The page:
There’s An Innovation Revolution Going On In Sports, And VC Firm Sapphire Is Helping Pay For It

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Sapphire Sports says it attracted a fresh $181 million from a who’s who of investors — making $300 million total — to fuel startups that are disrupting sports entertainment and culture.


There’s Overtime, which pays six-figure deals to promising high school athletes to stream their games. There’s Buzzer, which aims to be the mobile version of the NFL’s RedZone for all sports. And there’s Tonal, which makes smart home gyms.

Sapphire Sports — whose parent firm, Sapphire Ventures, has over $10 billion in assets under management — has committed $300 million to paying for the innovation revolution to disrupt fitness and sports entertainment and culture through startups like those. The funding includes a fresh $181 million, announced Wednesday, provided by a who’s who of the sports investment community.

It’s a strange time for startups, with higher interest rates and inflation causing many of them to plummet in value, and Sapphire Sports managing partners Doug Higgins and Michael Spirito told Forbes they want to capitalize on the current climate.

“Entrepreneurs are getting much more rational about valuation expectations at every stage,” Higgins told Forbes. “If companies still think they’re worth prices like they were two or three years ago, then we can be patient.”

Sapphire Sports is among a handful of firms that raised money from limited partners to buy equity in startups. Courtside Ventures said it attracted $100 million for a third sports fund and lured investors such as basketball Hall of Famer Shaquille O’Neal. Chicago-based KB Partners said it closed on a $127 million raise at the end of 2022.

Sapphire brought back a number of investors who’d chipped in for its first sports investment fund in 2018. Among them are names familiar to people who follow the business, including Stephen Pagliuca, the co-chairman of Bain Capital and co-owner of the NBA’s Boston Celtics; Blackstone Group
BX
executive and Philadelphia 76ers co-owner David Blitzer; Intersect Ventures, which owns the Indiana Pacers; owner of the NHL’s Tampa Bay Lightning Jeff Vinik; Adidas; Sinclair Broadcast Group
SBGI
; and Anschutz Entertainment Group. New investors include Madison Square Garden
MSG
Sports and Major League Soccer franchise owner Stephen Kaplan. Sapphire didn’t disclose the terms of the investments.

In the coming years, investors anticipate significant advancements in augmented reality, virtual reality, blockchain and Web3. That digital innovation could assist team owners in unlocking a wave of new media rights. The NBA is arguably at the forefront of integrating the tech. On Monday, the league renewed its agreement with Meta to stream 52 games in the company’s Oculus Quest VR device from a courtside angle. Part of the deal includes five immersive games exclusively produced by Meta. Sapphire Sports is looking for startups that will enhance those types of futuristic experiences.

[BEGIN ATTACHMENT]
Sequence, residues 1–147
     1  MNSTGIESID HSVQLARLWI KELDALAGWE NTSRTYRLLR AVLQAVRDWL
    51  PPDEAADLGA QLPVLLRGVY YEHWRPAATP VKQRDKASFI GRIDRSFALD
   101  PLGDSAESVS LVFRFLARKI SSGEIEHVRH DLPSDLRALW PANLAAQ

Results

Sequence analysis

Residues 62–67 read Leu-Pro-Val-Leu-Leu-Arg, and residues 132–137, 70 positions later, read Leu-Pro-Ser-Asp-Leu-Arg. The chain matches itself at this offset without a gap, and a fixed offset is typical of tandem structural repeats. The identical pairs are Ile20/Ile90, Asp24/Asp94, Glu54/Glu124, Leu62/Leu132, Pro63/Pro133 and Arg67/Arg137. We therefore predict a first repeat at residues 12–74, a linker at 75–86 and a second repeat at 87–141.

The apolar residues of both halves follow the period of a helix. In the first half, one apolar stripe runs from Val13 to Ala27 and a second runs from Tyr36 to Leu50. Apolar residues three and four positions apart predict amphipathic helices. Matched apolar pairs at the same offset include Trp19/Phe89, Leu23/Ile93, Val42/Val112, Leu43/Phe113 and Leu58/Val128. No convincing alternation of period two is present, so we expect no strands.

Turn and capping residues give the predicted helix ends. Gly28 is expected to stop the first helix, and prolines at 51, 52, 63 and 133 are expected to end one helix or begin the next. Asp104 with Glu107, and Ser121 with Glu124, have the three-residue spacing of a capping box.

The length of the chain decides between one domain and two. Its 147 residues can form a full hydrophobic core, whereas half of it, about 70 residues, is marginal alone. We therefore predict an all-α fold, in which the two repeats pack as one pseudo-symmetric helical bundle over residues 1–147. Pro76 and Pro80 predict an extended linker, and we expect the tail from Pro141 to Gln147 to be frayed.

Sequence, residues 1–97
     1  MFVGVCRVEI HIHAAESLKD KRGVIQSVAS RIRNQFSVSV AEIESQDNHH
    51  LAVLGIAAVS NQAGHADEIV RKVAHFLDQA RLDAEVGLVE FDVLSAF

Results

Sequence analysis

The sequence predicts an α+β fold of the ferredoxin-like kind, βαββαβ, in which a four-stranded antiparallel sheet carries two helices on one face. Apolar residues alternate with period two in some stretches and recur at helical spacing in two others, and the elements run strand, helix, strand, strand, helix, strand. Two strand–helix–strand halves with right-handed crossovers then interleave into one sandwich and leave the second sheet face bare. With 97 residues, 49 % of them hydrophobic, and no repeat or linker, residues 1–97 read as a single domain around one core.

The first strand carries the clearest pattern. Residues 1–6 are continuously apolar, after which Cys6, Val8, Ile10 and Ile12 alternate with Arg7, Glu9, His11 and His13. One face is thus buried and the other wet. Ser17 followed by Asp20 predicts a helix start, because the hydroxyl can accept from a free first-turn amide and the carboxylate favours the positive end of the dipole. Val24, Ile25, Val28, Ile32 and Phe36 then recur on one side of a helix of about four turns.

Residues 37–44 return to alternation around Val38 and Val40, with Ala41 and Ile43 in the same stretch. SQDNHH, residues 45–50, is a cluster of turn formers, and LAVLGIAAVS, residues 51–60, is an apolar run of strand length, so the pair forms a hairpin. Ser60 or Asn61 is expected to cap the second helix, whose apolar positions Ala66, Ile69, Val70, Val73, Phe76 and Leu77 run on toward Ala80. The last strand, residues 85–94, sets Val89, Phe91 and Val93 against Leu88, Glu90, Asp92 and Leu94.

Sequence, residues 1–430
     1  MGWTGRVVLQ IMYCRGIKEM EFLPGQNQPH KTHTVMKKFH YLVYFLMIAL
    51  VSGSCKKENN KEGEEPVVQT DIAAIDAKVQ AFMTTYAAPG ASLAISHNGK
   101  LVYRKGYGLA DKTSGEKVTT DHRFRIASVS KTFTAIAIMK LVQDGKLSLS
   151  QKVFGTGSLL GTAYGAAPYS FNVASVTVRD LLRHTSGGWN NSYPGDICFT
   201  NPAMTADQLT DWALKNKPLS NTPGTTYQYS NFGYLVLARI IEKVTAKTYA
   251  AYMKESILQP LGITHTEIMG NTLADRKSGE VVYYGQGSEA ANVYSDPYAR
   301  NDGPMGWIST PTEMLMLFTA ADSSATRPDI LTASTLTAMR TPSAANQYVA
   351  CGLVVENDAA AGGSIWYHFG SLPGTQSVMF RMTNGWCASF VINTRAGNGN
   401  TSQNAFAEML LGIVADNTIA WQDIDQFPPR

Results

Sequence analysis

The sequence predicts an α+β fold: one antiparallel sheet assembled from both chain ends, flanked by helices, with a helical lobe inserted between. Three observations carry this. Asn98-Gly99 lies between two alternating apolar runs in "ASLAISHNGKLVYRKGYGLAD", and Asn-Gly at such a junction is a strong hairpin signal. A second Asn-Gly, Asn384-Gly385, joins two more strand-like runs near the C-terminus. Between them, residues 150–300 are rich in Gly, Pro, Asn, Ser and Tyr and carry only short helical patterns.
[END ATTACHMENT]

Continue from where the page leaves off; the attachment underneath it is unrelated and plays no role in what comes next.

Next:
“We think AR/VR is just starting,” Higgins said. “If you think of what Apple
AAPL
is doing, what Meta is doing — we’re looking for those killer apps that take AR/VR to kind of, ‘Hey, this is kind of interesting,’ to ‘I can’t live without this.’”

“The genie is out of the bottle,” Spirito said. “Young people are doing things differently, right? So, the only way to get ahead is to invest ahead of that.”

Studies from research company Morning Consult show Gen-Z is watching live sports less than previous generations. That can threaten the future of a global sports rights ecosystem that’s projected to eclipse $60 billion annually by 2024. Sapphire Sport suggests it can help solve that problem and use companies like Buzzer to increase rights fees.

Higgins, 50, co-founder of Sapphire Ventures, said the firm uses Spirito’s media savvy, cultivated during a stint at the New York Yankees’ YES Network, to find the next sports tech gems. Spirito, 46, said the current challenge is to maintain and expand the value of media rights in an unfriendly landscape.

“How can you make them more valuable in an era where younger people spend time differently?” Spirito said. Gen-Z’s “attention span is at an all-time low. And the value of media and content is at an all-time high? How do you make it even higher? That’s what we’re trying to solve.”

Sapphire Sports makes investments in startups for up to ten years. Spirito said the firm will look to invest about $5 million in 20 companies for the second fund. Sapphire Sports already made one investment in a lottery platform called Jackpot.com. The company wants to digitize state lotteries throughout the U.S. Jackpot.com started operating in its first market, Texas, this month.

Bo Han, Buzzer’s founder, said he signed on with Sapphire Sports after he learned that Spirito doesn’t have a Twitter account. “I found that very real,” Han said.

So far, Sapphire Sports has exited only two companies. In 2020, it sold a stake in gaming studio Phoenix Labs to a Singapore-based internet firm, Sea Limited, valued at $150 million, according to PitchBook. Sapphire also sold its position in streaming platform MyCujoo for an undisclosed amount.

Those deals aside, Spirito and Higgins caution limited partners to take the long-term view.

“You’re going to be locked up and in illiquid assets for maybe ten years,” Spirito said. “I think what athletes and team owners learn is that venture capital can be very sexy and exciting when you’re meeting new entrepreneurs with ideas. But at the same time, it’s a long-term commitment.”

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